Scientific publishing is evolving, and if the spike in interest about plain language summaries over the past several years is any sign of the appetite for adding open science principles to our publishing practices, then the future of accessible research is looking bright.
What Are Plain Language Summaries?
Plain language summaries (PLS) are typically short synopses of peer-reviewed journal publications that simplify the complex. PLS concisely summarize technical content in simple, jargon-free language for ease of reading and improved understanding. These summaries are intended for a broad and inclusive audience that encompasses anyone who may wish to engage with a piece of published research. This may include researchers from other specialties or of other native languages, science communicators, educators, policymakers, and the media, as well as the general public. This multistakeholder audience is essentially anyone seeking an accessible route to the scientific literature. In biomedical research, this list expands to include the likes of patients, patient advocates, caregivers, and healthcare professionals.
As a practice that is still growing and maturing, standardization is limited, and PLS currently come in many different formats (including multimedia) depending on individual journal requirements and author preferences.1 The location in which PLS can be found also varies, with journals hosting these within the main manuscript PDF and web page, in supplementary materials, or on third-party websites such as figshare.com. Some authors and research sponsors are opting to host PLS themselves if journals do not offer sufficient options; the publisher Future Science Group is even offering standalone PLS publication manuscripts (known as PLSPs). Increasingly, we are seeing PLS that are brief, text-based summaries embedded within the core manuscript alongside the technical abstract.2 Within the biomedical sphere, PLS that are formatted in this way, and tagged accordingly, can be indexed on PubMed to optimize discoverability.
The Argument for PLS
Information equity is enabled by openness and discoverability. As the scientific publishing community moves toward acknowledging our social responsibility and embracing open science as the norm, accessibility and transparency are proving to be core principles. Applying these principles by providing timely access to information has demonstrably saved lives during the COVID-19 pandemic.3 Furthermore, the public are interested in, and want access to, research information;4 and the opportunity to freely share in scientific advancements is, in fact, an enshrined human right.5 The research community and academia are usually well-respected institutions, but when it comes to the communication of science, public trust in scientists working for the private sector (including pharmaceutical companies) and science media is low.6 The COVID-19 pandemic has also shown that even academia may not benefit from the public trust they thought they once had. As scientific professionals, it is quite simply our ethical duty to communicate in a way that engenders trust and confidence.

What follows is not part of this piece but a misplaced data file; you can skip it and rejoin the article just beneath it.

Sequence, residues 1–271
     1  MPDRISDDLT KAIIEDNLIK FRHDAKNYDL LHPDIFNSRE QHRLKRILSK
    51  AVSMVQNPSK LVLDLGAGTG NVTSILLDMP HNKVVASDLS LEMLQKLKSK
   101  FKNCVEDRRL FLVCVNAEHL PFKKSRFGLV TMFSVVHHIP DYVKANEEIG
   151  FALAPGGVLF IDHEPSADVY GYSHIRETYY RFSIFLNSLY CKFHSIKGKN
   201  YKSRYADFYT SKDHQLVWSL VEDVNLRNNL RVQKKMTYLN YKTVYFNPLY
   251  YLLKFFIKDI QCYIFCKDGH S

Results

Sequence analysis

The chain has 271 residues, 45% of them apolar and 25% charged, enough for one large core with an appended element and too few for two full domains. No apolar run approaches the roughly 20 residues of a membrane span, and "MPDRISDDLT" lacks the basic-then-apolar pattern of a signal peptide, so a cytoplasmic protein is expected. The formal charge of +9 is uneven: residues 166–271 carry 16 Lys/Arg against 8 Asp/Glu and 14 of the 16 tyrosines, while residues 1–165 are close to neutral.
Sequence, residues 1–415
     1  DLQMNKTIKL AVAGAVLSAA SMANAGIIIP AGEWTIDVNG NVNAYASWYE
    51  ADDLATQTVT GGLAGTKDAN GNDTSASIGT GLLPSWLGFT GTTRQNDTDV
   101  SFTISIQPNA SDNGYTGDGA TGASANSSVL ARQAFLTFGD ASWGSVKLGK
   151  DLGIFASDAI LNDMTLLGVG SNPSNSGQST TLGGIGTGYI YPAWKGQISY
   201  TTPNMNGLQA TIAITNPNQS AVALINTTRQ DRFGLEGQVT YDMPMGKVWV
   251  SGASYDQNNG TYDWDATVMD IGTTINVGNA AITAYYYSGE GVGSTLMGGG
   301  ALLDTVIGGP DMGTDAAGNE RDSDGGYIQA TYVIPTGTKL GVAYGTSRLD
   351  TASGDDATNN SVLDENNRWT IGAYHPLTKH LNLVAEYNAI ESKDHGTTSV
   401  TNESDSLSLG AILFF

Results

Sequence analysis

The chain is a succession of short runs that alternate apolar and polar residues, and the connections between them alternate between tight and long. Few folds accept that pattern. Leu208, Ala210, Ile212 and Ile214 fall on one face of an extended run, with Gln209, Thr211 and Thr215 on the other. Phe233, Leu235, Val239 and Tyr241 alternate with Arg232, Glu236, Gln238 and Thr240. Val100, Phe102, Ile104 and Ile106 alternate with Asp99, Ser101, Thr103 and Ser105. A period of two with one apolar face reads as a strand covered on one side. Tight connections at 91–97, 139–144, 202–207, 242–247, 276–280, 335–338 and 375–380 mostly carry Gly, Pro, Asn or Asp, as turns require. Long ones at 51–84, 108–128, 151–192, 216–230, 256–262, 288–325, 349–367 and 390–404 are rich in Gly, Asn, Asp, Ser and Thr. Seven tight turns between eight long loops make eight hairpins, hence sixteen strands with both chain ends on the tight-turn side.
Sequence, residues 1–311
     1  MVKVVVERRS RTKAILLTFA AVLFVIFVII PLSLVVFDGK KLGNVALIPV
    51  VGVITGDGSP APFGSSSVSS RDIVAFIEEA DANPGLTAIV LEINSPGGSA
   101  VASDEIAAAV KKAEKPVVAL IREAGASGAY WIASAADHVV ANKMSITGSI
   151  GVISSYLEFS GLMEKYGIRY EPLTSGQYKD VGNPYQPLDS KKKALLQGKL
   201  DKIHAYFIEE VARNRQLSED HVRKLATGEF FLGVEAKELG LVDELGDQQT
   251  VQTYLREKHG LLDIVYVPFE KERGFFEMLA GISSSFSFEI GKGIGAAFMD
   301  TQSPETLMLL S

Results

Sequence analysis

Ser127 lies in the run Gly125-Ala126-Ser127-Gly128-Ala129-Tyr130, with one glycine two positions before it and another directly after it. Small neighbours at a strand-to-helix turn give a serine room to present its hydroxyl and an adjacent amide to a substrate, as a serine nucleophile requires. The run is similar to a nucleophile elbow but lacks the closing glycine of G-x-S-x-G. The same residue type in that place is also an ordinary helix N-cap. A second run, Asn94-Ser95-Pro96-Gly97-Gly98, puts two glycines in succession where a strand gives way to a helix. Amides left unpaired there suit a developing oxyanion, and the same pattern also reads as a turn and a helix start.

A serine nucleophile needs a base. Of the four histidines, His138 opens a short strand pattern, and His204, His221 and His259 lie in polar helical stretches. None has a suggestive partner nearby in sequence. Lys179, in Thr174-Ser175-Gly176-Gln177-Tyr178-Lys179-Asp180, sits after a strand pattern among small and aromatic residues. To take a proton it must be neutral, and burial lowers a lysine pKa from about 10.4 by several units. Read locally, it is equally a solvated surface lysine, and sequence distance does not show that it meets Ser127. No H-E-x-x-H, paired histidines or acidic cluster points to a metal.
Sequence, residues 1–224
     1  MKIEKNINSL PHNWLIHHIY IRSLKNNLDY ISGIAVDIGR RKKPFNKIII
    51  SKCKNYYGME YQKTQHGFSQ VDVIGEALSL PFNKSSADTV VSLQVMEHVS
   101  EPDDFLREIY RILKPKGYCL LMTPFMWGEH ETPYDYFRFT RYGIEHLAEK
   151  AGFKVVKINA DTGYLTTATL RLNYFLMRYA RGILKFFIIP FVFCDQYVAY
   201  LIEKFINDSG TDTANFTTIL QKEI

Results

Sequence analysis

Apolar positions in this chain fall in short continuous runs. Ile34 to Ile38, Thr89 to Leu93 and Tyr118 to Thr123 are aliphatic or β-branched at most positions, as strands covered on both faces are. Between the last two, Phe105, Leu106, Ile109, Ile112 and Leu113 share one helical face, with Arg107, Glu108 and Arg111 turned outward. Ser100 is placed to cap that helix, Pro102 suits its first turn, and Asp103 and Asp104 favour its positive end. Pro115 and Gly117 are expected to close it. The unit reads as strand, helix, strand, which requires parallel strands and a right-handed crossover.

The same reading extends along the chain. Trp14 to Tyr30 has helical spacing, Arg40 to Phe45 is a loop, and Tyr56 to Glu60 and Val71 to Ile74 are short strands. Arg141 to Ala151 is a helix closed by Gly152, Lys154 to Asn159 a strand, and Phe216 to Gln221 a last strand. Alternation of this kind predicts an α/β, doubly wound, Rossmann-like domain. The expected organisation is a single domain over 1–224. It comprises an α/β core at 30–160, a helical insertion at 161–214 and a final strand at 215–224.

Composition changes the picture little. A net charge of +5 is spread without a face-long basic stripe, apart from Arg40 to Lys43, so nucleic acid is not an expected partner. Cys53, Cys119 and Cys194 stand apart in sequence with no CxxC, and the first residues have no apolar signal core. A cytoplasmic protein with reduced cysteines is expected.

With this in mind, we must put health literacy, “the degree to which individuals have the capacity to obtain, process, and understand basic health information and services needed to make appropriate health decisions,”7 at the forefront of medical communication. As scientific professionals, it may be hard for us to grasp how prevalent low health literacy really is, but in the United States, up to 90% of adults may struggle to effectively use health information that is readily available in the community,8 and only 12% have proficient health literacy.9 In the United Kingdom, over 60% of adults are unable to understand and apply basic health information,10 and elsewhere in Europe, nearly 50% of adults have insufficient or problematic health literacy.11 The implications of this knowledge gap are significant since low health literacy is the strongest correlate of ill health.12
In the clinical setting, accessible and easily understandable information is vital for informed consent and shared decision-making. Owing to the speed at which medical knowledge evolves, keeping up to date with current thinking is a major undertaking but one necessary for making informed healthcare decisions; PLS may be especially beneficial to time-poor or nonspecialist healthcare professionals such as pharmacists, nurses, and family practitioners. This is also of particular importance for the rare disease community, in which clinicians outside of the relevant specialty may not be knowledgeable on the nuances of a specific disease area. PLS of peer-reviewed journal publications are often a gateway into the literature for these patient communities who frequently find themselves needing to become experts in their own diseases. PLS can also function as communication tools, providing appropriate language to facilitate effective dialogue and are of value to both clinicians and patients.13 In one survey-based study, PLS were found to be the third most valued source of online health-related information for patients with chronic illness and considered valuable for informing patient dialogue by 60% of clinician respondents.14 This offers an opportunity for patients to actively participate in healthcare decisions and strengthen their agency and autonomy, ultimately contributing to improved clinical outcomes.15